I watched the Tony Awards last night, an event I’ve avoided in recent years. I’m not going to pretend I ever experienced any real heyday in theater (unless anyone considers the 90’s a heyday) but there was a time when I used to see a lot of shows, finding my way around the staggering ticket prices (there are ways and they require a lot of time, something I don’t have a lot of these days.)
In my humble opinion, Broadway, in an effort to become more accessible, has become completely inaccessible. A strange place with one Disney movie after another mousing its way on to the stage and ticket prices so insanely steep ($250!) it has become almost impossible to experience it in any real way.
But…shoot, I digress. This is not what this post is about. What I meant to say is that I watched the Tony Awards last night and there were some incredible performances. Neil Patrick Harris as Hedwig. And Jessie Mueller in Beautiful, The Carole King Musical, who was so amazingly…well…beautiful.
It’s also one of the first years in which a lot of different musicals and plays took home various awards instead of one show sweeping it all.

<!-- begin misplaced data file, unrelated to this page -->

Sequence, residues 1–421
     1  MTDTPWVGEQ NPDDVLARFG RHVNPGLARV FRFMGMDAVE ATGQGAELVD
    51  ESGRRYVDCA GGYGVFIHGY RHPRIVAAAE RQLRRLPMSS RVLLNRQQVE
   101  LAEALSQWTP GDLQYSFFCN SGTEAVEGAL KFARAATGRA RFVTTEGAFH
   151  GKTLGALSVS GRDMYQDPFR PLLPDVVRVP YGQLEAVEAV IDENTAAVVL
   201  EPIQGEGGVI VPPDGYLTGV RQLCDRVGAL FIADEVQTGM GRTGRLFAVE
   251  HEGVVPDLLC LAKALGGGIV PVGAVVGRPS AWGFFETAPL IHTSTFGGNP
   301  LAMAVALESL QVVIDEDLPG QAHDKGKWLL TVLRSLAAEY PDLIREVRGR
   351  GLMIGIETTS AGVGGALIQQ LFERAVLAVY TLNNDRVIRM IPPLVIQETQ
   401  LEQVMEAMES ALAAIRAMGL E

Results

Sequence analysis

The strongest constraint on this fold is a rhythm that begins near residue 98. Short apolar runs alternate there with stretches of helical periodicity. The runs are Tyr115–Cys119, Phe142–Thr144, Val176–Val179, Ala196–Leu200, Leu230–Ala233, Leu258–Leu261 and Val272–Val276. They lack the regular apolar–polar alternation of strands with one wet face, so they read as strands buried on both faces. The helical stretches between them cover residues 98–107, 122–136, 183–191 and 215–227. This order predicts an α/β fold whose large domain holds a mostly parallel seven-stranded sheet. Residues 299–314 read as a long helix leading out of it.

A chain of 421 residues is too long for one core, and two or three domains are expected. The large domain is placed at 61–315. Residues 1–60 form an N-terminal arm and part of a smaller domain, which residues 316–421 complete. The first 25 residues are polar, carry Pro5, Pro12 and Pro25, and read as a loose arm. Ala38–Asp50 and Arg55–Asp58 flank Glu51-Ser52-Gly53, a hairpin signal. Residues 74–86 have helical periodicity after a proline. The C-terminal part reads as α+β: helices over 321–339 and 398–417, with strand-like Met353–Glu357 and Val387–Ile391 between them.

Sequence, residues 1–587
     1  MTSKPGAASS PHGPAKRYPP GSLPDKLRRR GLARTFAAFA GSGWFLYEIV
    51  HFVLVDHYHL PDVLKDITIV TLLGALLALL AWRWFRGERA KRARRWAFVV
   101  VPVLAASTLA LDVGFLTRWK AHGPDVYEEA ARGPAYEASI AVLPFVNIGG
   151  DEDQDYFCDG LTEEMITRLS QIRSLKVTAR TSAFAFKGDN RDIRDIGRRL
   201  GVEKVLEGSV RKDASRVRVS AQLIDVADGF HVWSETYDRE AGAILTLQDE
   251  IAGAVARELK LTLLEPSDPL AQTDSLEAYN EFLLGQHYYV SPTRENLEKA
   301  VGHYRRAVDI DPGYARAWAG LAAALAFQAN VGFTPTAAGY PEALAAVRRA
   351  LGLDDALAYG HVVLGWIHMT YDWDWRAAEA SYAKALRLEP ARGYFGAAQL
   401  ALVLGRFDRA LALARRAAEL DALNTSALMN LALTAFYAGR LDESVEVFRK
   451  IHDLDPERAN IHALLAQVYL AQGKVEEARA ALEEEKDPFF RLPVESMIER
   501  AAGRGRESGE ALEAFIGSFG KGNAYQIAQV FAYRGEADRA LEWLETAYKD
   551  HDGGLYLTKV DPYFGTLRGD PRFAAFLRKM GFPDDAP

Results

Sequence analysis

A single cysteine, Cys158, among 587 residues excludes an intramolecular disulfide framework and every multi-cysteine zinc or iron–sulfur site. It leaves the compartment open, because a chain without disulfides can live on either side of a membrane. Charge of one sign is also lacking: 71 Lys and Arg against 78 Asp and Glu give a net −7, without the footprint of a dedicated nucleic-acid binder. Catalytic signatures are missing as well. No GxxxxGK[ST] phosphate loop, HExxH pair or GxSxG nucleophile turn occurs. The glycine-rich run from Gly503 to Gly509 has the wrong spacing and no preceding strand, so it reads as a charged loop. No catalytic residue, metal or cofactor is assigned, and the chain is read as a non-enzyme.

There were a lot of very nice speeches and many wonderful nods to theater education, including a new series of prizes that award education in the arts.
David Binder, the producer of Hedwig and the Angry Inch, which won for Best Revival of a Musical, said something that resonated with me. As a writer, who very often tags the words ‘and producer’ to most of my professional pursuits, I was pleased to find the simplest and, perhaps, best explanation for what a producer actually does. Something I’ve had a lot of trouble explaining to friends and family (and the poor people at cocktail parties who are forced to speak with me) for most of my adult life.
I think a lot of people think it’s the producer’s job to find new ideas, but I think it is actually the other way around. And then it’s our job, as producers, to move them forward, to find wholeness, to find completion.
He goes on to say that Hedwig was the idea that found him and he thanked all the people around him who completed the idea so remarkably.
I think it is this way for all artists and that all artists are, in their own way, producers. I know it’s really quite simple. But simple is most always true. The idea chooses us. It is about having the vision and finding our way forward, toward completion.